They are safe and convenient. Bassinets have been a staple sleeping space for babies since the mid-1800s. With that in mind, why is it that your baby won't sleep in a bassinet? This can be an extremely frustrating problem for sleep-deprived parents - one that leads to unsafe sleeping habits, like bed sharing. How long can a baby sleep in a bassinet? And how can you get them to actually sleep in the space? Rest assured, we have the solutions to help you get some much-needed shut-eye.
How to Get a Baby to Sleep in a Bassinet at Night
Your baby just emerged from a warm and dark place, and they were on their own schedule. Now, they are in a big, bright world and their internal clock may not be synced with yours just yet. In fact, most parents note that it takes two to three months for their new babies to get on any sort of schedule. What this means is that if your baby won't sleep in a bassinet, it likely has little to do with the bed and more with your infant trying to find their rhythm. Keeping that in mind, there are ways to help establish a sleep pattern that better agrees with your schedule.
Get Them on Your Schedule
While this may seem like an obvious answer, how do you actually do it? It starts with you looking at your own routine. What time do you wake up? What time do you go to bed? Newborns will sleep for about 17 hours a day, with half of those hours occurring at night. Thus, if your bedtime is at midnight, then start getting your baby ready for bed at 11PM. This seems exceptionally late, but until they actually have to go to school or daycare, the only thing that matters is the amount of sleep they get, not the exact times you put them down.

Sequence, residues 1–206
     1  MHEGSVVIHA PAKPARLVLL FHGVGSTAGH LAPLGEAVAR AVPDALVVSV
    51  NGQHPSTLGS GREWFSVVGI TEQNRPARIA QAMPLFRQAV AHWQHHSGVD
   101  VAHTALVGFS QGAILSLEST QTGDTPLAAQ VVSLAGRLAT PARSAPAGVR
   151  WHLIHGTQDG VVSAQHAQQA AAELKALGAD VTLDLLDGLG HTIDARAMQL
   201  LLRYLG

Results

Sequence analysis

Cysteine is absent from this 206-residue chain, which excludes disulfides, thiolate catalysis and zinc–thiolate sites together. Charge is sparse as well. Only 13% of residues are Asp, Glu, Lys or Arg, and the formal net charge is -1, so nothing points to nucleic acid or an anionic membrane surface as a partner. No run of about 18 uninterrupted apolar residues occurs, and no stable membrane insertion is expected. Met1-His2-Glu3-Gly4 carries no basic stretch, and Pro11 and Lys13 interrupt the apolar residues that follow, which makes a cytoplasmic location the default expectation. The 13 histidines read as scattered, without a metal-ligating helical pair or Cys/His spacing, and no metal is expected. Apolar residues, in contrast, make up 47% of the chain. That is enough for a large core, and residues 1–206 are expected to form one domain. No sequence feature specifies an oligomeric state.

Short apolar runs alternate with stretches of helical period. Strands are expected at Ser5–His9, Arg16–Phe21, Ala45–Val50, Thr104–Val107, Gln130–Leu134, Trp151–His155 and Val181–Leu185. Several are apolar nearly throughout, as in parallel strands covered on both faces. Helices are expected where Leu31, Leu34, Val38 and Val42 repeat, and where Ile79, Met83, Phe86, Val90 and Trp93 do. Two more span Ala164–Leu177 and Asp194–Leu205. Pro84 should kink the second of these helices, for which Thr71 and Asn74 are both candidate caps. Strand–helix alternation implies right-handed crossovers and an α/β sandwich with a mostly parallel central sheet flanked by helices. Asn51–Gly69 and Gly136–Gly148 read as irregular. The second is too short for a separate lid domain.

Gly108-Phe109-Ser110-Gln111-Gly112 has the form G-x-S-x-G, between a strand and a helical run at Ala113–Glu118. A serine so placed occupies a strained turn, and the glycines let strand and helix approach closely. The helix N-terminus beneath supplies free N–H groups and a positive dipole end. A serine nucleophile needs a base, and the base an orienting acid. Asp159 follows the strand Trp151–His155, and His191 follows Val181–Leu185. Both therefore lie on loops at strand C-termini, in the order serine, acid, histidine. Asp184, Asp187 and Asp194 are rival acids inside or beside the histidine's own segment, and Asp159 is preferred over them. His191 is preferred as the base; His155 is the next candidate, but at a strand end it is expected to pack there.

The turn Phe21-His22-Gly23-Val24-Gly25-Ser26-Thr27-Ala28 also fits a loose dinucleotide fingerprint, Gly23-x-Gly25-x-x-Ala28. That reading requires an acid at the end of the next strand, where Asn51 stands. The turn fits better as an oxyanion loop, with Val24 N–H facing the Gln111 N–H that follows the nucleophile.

Therefore, forget about the 7PM bedtime! That equates to a 3AM wake up call for you, which brings a wake window of about an hour along with the added time it takes you to get them back down. Instead, put them to sleep around midnight or your preferred bedtime hour. You will still have to wake up around 3AM to do a feeding, but this can allow for a dream feed and a quick transition back to sleep.
Another important detail is their last nap of the day. Depending on the baby, you need a wake window of an hour and a half to three hours before bed to ensure that they go to sleep quickly and stay asleep. Once you determine your sweet spot, set timers to make sure you stay on schedule. Wake the baby when needed!
Simulate Your Embrace
Babies sleep best when snuggled up tightly in your arms. Give them this same experience in their bassinet. Swaddle your baby in a muslin cloth before putting them down. This not only lessens the effect of the startle reflex, but research has also proven that swaddling will calm them, soothe their discomfort, and help them sleep for longer stretches. If this is not enough, then also keep your hands on their chest when you put them in the bassinet. This is called responsive settling. When paired with slow shushing or a gentle pat, this can help calm your baby and get them to sleep.
Make the Space More Inviting
Studies show that a baby knows its mother's scent. That's one of the many reasons they prefer laying in your arms to the bassinet. It may seem silly, but throw one of your baby's bassinet bedsheets inside the shirt that you're wearing for a few hours. This will imprint your odor on the fabric, giving the illusion of your presence in the bassinet when you put it back in its place.
Avoid Rocking Them to Sleep
Snuggling with your baby is the best, but if you always help them get to sleep, they will never figure out how to do it on their own. Thus, put them to bed while they're drowsy. If they fuss a little, that's okay. However, always ask yourself three questions before walking away - Are they dry? Are they full? Are they warm? If you answer yes, then you are good to walk away for a few minutes to let them try to settle down on their own. If you answer no, address these issues first.
Tummy Time Is a Gamechanger